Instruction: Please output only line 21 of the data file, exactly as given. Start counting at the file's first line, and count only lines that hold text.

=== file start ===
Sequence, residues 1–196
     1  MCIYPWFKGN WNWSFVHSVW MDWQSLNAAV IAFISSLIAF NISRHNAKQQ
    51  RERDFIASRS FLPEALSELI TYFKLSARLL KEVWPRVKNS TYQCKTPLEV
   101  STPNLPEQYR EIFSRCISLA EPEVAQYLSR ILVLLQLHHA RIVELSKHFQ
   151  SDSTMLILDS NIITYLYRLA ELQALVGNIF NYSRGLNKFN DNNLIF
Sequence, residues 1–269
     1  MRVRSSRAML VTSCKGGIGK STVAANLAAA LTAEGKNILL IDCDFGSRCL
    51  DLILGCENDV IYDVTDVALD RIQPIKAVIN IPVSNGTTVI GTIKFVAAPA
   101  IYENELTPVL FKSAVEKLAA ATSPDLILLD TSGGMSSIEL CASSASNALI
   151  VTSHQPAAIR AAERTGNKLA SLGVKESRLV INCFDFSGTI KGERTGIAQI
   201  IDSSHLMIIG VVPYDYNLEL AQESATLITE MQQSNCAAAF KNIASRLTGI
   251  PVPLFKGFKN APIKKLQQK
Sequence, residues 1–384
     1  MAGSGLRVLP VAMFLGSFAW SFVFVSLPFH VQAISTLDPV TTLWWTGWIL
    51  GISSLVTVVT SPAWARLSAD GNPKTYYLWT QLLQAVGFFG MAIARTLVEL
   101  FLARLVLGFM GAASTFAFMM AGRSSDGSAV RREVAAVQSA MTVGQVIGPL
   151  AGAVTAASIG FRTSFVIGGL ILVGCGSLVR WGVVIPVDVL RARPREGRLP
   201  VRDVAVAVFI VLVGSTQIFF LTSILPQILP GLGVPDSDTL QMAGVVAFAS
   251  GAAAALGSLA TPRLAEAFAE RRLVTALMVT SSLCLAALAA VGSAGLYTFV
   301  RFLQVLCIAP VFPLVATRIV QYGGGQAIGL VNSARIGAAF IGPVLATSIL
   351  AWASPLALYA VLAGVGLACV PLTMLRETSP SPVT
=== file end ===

   351  AWASPLALYA VLAGVGLACV PLTMLRETSP SPVT